Reference > Cambridge History > Cavalier and Puritan > Historical and Political Writings > Lord Herbert of Cherbury
  Bacon’s Henry the Seventh Edmund Bolton  


The Cambridge History of English and American Literature in 18 Volumes (1907–21).
Volume VII. Cavalier and Puritan.

IX. Historical and Political Writings.

§ 2. Lord Herbert of Cherbury.

Lord Herbert of Cherbury’s Life and Reign of King Henry the Eighth, together with which is briefly represented A general History of the Times, marks a very conscious advance in historical composition. There is here, coupled with a dignified ease of style characteristic of most of the author’s writings, and of his Autobiography in particular, an evident wish to make as full use as possible of the original documents at the historian’s disposal. No doubt, the work was also written with a personal purpose, and of this it is impossible to lose sight in estimating the literary effect produced; indeed, it is to be discovered in most of Herbert’s historical writings. They were composed at a later period of his life than the Autobiography, which only reaches the year 1624, and the merits of which are surprisingly exiguous for an author commanding a wide experience of the world and possessed of original intellectual power.  3  Yet the characteristic qualities of the book, both for better and for worse, have been much exaggerated. Horace Walpole (who first printed the MS. at Strawberry Hill in 1764) must have been beyond the mark in describing it as “the most curious and entertaining” produced by his press;  4  and, if, as he states, he and lady Waldegrave could not “get on” with it “for laughing and screaming,”  5  their sense of the ridiculous must have been excessively acute, though, to be sure, on one occasion, at least, the autobiographer all but falls into the Falstaffian vein.  6    4
  Beyond all doubt, Edward Herbert was inordinately vain of his powers as a duellist—whether on foot or on horseback—which, in his opinion, evidently entitled him to say to all comers (including ministers, governors, and ambassadors) “Je suis Herbert,” as one of his French rivals declared “Je suis Balagny”; and in his relations with women he certainly had the advantage of sublime self-confidence. But duelling was the most fashionable vice of the time;  7  added to which he took his vows as knight of the Bath most seriously. Though vainglorious and quarrelsome, he was free from revengefulness and any sort of meanness; and, though something of a lady-killer,  8  he was not wanton. Notwithstanding his remarks on education, and his contributions both to natural science and household medicine, it cannot be said that, except as a picture of manners, his Autobiography has much serious interest before the period of his embassy to France (1619–24); and, even then, though his narrative of the Spanish and French marriage negotiations is worth reading, as well as his characterisation of Louis XIII, de Luynes, and Gondomar, he seems to reserve the substance of his political experiences for treatment in another form.   5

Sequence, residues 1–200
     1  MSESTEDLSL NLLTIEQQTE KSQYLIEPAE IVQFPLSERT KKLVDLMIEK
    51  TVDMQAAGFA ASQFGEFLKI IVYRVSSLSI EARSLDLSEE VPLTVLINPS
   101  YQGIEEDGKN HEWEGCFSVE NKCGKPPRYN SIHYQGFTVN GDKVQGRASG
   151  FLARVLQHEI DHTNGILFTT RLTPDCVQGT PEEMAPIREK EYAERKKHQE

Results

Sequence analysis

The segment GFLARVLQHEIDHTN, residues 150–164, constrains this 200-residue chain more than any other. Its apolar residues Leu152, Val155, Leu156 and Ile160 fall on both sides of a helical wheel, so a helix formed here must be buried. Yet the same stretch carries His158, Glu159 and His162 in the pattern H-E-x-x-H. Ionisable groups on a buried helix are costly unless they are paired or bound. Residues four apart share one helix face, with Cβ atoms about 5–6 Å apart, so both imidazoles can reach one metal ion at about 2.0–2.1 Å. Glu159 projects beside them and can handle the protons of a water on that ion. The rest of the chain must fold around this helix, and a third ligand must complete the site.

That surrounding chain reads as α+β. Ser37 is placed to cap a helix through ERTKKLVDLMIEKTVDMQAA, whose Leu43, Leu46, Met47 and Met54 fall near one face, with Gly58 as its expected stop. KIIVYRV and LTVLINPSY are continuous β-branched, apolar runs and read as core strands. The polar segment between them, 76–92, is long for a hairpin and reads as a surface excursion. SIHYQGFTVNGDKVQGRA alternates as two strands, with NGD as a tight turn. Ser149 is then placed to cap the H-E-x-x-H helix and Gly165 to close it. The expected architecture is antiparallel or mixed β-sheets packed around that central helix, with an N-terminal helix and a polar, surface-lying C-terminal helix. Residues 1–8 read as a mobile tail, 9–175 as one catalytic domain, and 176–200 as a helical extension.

The Autobiography, of which the style is measured but agreeable, though the record of some of the writer’s youthful exploits in camp and court, at times, has an almost pedantic solemnity, breaks off with Herbert’s recall from Paris. The remainder of his life was given up to a series of endeavours to re-enter the active service of the crown by conciliating the royal goodwill, and to literary labours which, in part, are to be reckoned among these efforts. Among them was the defence of Buckingham, drawn up in reply to violent attacks upon the memory of the favourite after his assassination, and dedicated to Charles I. Sir Henry Wotton expressed his admiration of it while it was in the making; but it brought no recompense to its author.   6
  Among these efforts, also, was his Life of Henry the Eighth, on which he seems to have been at work as early as 1632, and on which he was still engaged seven years later. The use of original documents by which it is distinguished has been already noted. It was not completed till 1645, when he was also bringing to an end his chief philosophic labours. The rest of Herbert’s life was occupied by a painful and unedifying struggle for his estates.   7

Note 3. An estimate of lord Herbert of Cherbury’s position among modern speculative thinkers has been given in Vol. IV, pp. 335–338. [ back ]
Note 4Letters, ed. Cunningham, vol. IV, p. 156. [ back ]
Note 5Ibid., p. 252. [ back ]
Note 6. See Autobiography, ed. Lee, S., p. 185, for Herbert’s night escapade, when he was about to start on his embassy in 1619. [ back ]
Note 7. See the appendix on “Duelling in France and England in the early years of the Seventeenth Century” in Lee’s edition. [ back ]
Note 8. He believed himself to have endangered the peace of mind of no less august and devout a personage than Anne of Denmark. [ back ]

  Bacon’s Henry the Seventh Edmund Bolton  
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